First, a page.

I also really appreciate the strong desire and connection students have with a particular campus, but not in the same way as other counselors implicitly or explicitly promise admissions to particular schools. I see students who know a campus, inside and out, and dream of that campus. That school literally consumes them. I was that way with Berkeley and dropped the phone when I received a call from the chair of the department to say that I was admitted to the doctoral program. Growing up in the Bay Area, everyone sort of knows the campus. I took BART a ton of times to Berkeley to hang out on Telegraph, especially at the record stores. I was identified in middle school to participate in a program for college-bound students, meaning I spent Saturdays on campus in advanced math and English courses. And there were all the references to Berkeley in the music from local artists that I understood right away. I was Berkeley all day, regardless of the outcome of my time there. So I get it when students are also that preoccupied with a campus.

In short, privilege, including knowing, isn’t a bad thing.

With that said, what happens when students and families have less privilege, knowing or otherwise?

My main intention with the workshop is create that possibility: to restack the deck, so to speak. And to reiterate, one is not able to restack a deck with only half the deck. Students and families with privilege have to know how their privilege is being used in this process. Students and families without it need to recognize where they actually do have privilege and how to leverage it to make real change in their communities.

So my college counseling model is a bit different. From the manual and upcoming workshop, I use the graphic above.

When I am talking about college, it is in order to find a fit in these three areas, because these should be our priorities today. And for the majority of students, they simply are not.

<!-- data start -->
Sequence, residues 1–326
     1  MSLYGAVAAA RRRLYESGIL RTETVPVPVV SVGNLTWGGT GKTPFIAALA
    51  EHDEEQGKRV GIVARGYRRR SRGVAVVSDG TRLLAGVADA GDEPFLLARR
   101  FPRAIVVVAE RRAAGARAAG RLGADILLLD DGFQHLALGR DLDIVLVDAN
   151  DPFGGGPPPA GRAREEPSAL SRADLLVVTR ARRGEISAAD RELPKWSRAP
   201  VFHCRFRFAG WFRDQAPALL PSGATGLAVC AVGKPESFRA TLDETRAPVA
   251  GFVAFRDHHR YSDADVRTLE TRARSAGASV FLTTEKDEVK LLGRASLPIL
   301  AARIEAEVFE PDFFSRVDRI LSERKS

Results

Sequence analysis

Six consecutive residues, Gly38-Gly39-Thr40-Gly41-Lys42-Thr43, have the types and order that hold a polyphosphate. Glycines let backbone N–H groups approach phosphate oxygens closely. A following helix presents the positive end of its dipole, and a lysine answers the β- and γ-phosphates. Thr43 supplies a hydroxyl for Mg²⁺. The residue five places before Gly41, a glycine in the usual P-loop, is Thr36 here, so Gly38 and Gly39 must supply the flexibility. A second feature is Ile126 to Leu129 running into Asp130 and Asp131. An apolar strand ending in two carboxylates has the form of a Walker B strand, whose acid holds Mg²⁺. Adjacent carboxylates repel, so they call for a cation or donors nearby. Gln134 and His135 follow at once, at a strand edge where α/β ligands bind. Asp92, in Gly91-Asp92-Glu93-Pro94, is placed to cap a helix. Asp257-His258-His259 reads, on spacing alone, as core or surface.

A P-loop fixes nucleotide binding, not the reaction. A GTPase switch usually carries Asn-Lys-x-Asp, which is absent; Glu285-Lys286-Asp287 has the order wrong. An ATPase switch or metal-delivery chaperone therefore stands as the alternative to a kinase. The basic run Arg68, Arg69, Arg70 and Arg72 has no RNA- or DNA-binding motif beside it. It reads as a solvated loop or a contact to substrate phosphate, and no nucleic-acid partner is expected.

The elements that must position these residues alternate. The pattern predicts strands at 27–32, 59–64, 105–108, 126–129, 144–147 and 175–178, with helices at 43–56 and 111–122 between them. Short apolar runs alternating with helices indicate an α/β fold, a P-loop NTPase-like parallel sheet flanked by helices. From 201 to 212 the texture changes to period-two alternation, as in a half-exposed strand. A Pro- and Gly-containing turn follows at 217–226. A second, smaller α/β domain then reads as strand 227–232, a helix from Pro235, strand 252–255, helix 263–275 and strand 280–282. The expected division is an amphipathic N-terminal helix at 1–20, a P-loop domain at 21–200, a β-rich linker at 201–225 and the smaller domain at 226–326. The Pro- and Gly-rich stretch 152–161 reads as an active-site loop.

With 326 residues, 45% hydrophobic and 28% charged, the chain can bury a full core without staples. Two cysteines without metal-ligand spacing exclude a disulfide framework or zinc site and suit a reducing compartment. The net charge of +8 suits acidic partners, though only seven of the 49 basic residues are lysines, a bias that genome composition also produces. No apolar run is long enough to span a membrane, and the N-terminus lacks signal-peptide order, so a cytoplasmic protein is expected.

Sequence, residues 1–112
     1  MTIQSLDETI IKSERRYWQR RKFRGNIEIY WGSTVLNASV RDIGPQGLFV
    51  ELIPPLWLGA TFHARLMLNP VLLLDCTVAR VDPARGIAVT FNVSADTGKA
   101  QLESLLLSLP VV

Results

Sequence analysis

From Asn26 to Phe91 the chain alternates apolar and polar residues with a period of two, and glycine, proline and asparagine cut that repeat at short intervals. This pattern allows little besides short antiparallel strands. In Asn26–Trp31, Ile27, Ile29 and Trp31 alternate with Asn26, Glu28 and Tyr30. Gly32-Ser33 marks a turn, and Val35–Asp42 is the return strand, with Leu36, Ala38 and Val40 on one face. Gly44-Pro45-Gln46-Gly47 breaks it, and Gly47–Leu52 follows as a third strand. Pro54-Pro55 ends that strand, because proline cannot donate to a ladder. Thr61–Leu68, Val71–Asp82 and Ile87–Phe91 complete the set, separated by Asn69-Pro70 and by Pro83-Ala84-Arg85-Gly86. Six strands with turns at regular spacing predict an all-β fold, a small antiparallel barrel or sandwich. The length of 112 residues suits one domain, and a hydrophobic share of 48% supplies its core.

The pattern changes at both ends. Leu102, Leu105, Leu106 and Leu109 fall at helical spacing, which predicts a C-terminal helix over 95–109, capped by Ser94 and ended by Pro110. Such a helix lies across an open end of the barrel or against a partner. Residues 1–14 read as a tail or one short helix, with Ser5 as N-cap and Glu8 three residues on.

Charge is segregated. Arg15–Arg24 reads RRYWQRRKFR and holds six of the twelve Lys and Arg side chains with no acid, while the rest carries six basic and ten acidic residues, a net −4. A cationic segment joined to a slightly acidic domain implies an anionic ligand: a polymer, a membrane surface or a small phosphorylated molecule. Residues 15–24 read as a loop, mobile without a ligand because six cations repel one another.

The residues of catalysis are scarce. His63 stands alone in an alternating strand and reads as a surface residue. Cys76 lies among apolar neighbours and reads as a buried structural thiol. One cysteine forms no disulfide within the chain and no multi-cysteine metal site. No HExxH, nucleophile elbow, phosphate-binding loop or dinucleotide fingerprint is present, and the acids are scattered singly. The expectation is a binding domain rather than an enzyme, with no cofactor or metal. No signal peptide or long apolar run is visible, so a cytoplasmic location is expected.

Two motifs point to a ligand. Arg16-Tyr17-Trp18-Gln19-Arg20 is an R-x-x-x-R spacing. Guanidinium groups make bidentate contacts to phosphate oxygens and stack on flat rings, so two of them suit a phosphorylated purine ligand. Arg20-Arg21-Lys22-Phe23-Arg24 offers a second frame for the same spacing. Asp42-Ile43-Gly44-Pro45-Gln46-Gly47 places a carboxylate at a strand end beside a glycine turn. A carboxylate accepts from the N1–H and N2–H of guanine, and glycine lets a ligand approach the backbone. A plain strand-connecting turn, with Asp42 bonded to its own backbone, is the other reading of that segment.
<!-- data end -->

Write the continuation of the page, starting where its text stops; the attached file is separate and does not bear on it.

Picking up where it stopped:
Consider the impact of for-profit universities closing and the lawsuits from their graduates who are asserting they are unable to use the degree they earned at such a high price. Consider the studies that are reporting that yields are so low at public universities because families are finding that the private university they applied to on a whim is actually cheaper than the public one. Consider the thousands of students in the state just waiting for classes at a community college or public university to become available, in year five, six, and above of their wait. And consider this time in a young person’s life, when developmental psychologists say they are learning the most about responsibility and self, being in a place where they fear being themselves. Something has to change.

I changed my business model a bit this year. I wanted to work with more students and families by being more accessible. Where other consultants may charge upwards of $30K per year for the same service, I am attempting to do the same for less than $100 per year with workshops. For people who prefer to work one-on-one, I tiered the pricing to reflect the school district where one lives, meaning a family from Piedmont would be higher on the tier compared to a family from the flats in Oakland. And I am happy to continue working in collaboration with psychotherapists, immigration attorneys, and the college and admissions counselors I have been working with previously.

The workshop? Attend. Send some students, families, and organizations that you know. And if you can’t, let me know how I can support you to attend.